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Mistrust between biotech firms, other farmers may thwart Oregon hopes of GMO mapping

In this photo taken June 6, 2014, Greg Loberg, a manager at the West Coast Beet Seed Company, poses for a photo inside the company headquarters in Salem, Ore. The company, which contracts farmers to grow genetically engineered sugar beets for seed, participates in a voluntary mapping effort in northwestern Oregon. (AP Photo/Gosia Wozniacka)

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In this photo taken June 6, 2014, Greg Loberg, a manager at the West Coast Beet Seed Company, poses for a photo inside the company headquarters in Salem, Ore. The company, which contracts farmers to grow genetically engineered sugar beets for seed, participates in a voluntary mapping effort in northwestern Oregon. (AP Photo/Gosia Wozniacka)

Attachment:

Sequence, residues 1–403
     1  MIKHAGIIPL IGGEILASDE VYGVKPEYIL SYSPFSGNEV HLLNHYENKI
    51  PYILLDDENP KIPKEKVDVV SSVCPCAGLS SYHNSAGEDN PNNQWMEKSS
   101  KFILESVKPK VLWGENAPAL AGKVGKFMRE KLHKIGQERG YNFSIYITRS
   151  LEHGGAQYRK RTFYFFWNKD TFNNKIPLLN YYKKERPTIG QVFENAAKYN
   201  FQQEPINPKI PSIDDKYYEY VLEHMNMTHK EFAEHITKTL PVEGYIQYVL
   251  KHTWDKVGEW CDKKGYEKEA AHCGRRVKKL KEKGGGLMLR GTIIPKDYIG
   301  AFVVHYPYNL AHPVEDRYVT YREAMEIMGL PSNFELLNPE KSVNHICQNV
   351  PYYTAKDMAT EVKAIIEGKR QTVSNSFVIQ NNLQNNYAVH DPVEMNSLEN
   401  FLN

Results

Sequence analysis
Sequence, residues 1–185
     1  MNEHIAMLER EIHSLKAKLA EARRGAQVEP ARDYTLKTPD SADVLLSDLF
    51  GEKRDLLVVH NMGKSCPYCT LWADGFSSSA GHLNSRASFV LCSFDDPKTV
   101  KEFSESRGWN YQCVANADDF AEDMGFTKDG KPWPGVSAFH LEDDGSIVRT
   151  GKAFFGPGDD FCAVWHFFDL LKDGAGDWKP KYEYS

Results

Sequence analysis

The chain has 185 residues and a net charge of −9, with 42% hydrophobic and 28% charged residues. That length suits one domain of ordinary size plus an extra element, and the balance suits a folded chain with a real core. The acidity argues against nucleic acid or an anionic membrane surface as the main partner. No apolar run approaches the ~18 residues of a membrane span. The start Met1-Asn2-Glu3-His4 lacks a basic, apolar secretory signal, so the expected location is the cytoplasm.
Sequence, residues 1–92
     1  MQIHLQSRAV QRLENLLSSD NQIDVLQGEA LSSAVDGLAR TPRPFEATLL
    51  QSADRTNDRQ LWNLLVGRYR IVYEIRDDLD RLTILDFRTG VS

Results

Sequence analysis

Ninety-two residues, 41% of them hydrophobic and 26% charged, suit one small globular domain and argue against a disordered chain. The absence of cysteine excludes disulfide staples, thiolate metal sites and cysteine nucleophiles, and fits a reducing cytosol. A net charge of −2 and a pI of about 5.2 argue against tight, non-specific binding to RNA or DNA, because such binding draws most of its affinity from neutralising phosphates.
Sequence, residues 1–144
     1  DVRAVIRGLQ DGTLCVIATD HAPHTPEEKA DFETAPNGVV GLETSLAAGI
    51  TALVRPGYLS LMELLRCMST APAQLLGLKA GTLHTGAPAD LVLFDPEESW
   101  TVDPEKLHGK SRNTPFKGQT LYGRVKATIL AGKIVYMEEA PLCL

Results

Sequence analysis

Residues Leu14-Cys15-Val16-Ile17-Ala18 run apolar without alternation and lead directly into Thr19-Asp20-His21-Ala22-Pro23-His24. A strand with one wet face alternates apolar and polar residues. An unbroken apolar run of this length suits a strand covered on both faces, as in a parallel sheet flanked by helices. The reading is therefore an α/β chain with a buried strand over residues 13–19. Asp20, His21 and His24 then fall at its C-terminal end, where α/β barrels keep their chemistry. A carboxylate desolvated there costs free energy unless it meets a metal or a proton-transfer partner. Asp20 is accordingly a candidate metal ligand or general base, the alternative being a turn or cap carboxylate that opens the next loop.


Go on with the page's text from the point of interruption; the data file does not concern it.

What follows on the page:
PORTLAND, Ore. - Oregon is looking into mapping GMO field locations across the state after the governor ordered it last fall, but the process faces many challenges.

The move was spurred by several cases of genetic contamination in the region that rendered non-engineered crops unsellable on the export market.

If the mapping goes ahead, Oregon would be the first state to mandate measures for coexistence between modified and non-modified crops.

Biotech companies and farmers who plant GMO crops say they already coexist and that mapping could lead to crop sabotage.

Organic farmers and others say a mandatory mapping system could increase transparency and help pinpoint the cause and location of genetic mixing.

Oregon regulators say they currently don't have the authority to map GMO crops, but the legislature could grant them the option.

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